Large Woodland Garden

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This garden started as a new patio, then a pond as well, then the lawn sloped and they were sick of that; then the shrubs on the slope were all overgrown, and then the lawn round the back was too dry; then the woodland was leaning into the garden, then the Leylandii hedge had to go and lastly the driveway needed remedial work; but we want to be as eco-friendly as possible, use local materials, bring wildlife into the garden and do lots of gardening as a hobby. So we want lots of interesting plants.

Well...


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Garden Issues











































































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Solutions

This complex project can be summarised by:

So, if you want to know more, read on, but at least you now have a grasp of the elements of this project!



































































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Before

The first photo here is taken from the end of the lawn. Two things to notice are 1) this is the gradual slope, not even the steep part and 2) the shrubs, although colourful, seemed to conspire to make this rather interesting modern house look very suburban.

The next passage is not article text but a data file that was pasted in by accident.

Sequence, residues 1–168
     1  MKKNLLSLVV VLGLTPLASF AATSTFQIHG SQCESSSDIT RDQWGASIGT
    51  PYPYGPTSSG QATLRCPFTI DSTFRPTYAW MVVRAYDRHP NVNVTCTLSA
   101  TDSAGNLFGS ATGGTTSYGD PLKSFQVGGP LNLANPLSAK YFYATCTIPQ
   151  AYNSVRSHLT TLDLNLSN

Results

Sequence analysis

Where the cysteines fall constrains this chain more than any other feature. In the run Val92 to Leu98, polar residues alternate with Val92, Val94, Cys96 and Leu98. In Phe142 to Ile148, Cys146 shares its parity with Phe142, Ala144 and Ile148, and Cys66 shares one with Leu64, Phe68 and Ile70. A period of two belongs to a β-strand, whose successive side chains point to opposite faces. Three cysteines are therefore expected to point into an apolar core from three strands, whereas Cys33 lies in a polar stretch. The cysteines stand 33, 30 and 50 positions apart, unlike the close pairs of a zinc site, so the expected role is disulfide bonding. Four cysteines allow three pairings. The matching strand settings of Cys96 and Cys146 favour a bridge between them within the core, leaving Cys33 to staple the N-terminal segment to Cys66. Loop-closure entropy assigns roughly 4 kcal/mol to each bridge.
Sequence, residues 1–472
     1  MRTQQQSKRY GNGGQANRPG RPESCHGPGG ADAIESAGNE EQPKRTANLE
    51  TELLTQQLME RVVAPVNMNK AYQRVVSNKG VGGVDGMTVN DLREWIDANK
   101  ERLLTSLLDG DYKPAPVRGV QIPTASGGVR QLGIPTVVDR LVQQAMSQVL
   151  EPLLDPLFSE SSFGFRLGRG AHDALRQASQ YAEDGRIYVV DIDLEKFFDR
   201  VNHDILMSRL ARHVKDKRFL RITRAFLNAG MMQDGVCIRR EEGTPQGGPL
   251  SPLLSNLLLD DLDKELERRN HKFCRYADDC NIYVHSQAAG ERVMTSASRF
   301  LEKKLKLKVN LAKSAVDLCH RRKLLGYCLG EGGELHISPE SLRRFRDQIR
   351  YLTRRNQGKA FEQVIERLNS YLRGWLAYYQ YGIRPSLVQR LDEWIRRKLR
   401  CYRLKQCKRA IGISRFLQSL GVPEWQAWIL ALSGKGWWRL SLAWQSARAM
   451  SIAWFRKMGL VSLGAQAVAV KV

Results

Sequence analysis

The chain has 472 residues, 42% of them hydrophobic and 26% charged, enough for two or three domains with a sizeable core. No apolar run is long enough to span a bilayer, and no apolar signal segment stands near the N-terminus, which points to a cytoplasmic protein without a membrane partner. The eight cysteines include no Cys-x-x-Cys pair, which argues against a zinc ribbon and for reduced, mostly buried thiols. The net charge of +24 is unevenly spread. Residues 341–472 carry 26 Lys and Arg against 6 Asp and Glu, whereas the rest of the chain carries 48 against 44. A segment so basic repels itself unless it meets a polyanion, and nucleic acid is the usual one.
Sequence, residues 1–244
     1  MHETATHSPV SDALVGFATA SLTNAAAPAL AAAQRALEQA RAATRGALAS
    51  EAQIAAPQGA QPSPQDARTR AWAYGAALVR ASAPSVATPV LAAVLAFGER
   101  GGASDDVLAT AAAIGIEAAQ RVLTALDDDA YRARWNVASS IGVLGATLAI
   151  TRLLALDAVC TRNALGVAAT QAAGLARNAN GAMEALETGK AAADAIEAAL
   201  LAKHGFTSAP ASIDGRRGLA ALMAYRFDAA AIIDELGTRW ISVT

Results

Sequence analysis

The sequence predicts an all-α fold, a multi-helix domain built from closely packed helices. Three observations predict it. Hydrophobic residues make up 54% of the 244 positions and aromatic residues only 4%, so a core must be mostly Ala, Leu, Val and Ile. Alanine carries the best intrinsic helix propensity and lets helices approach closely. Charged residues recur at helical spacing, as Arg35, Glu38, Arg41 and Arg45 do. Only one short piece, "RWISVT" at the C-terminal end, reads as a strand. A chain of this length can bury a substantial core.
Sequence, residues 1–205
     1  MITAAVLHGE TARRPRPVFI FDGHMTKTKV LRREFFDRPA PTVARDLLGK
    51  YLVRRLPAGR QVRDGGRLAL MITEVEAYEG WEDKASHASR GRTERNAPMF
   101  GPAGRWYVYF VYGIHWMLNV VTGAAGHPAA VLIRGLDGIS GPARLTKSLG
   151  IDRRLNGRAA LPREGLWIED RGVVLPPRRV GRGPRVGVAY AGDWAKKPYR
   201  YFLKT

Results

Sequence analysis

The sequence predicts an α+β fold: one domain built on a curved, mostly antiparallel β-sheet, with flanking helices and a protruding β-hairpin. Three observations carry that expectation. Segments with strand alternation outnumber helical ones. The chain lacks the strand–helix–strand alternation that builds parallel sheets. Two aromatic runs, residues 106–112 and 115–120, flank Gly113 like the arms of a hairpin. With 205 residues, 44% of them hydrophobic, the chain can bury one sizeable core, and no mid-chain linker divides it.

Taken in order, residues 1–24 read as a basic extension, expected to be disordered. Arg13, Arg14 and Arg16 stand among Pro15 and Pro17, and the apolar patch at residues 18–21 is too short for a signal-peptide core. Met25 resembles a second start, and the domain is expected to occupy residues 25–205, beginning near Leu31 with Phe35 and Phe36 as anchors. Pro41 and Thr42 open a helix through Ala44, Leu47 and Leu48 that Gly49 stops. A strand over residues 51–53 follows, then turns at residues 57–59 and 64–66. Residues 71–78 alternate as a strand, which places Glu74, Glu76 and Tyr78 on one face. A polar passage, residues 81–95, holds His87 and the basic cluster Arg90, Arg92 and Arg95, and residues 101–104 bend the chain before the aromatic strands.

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This is Colin Jewitt who owned Ladycross Quarry at the time, where all the stone for this project came from. The quarry is near Hexham in Northumberland. The stone is level-bedded with sheets of mica separating the sandstone into roughly 10mm deep layers. It is hand quarried and then sawn to required sizes. There are a few larger pieces, with fascinating geological histories: the piece chosen for the bottom of the waterfall was naturally weathered thousands of years ago into a shallow pool, which I made the most of!

We used up a seriously large amount of their stock of large stones, creating a new and interesting edge for the lawn, also used deliberately to hold in the soil that was added to level it off.


Shrubbery

Shrubbery

The shrubbery, 12m along, 8m down the steep slope, was planted with 'The Sainsbury's Seven', i.e. indestructible shrubs capable of flowering in neglected car park conditions. Under more optimal (!) conditions, they grew and grew... The outcome was an outer layer, like the skin of a tent, of leaves and flowers, whilst all within was bare and gloomy. Not only that, but the villain of the piece, Vinca major (NEVER use this plant, except in a container) had grown across the stems of all the shrubs and made a moist, airless environment ideal for disease growth. Coral spot was the big winner here!

So, most of these plants had to be cut back almost to their bases, keeping those that would benefit from this type of treatment, digging out those that wouldn't survive or were now unwanted such as Rosa rugosa, that thorny beast... Of course, now that air and light reached the soil below, seeds sprouted, so a way had to be found to mulch the slope.


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The Build

The start of the build! The landscapers came with all sizes of excavators.

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The steps were overgrown and too steep. They only led down to the bottom of the slope. To access the rest of the shrubbery, you had to climb in!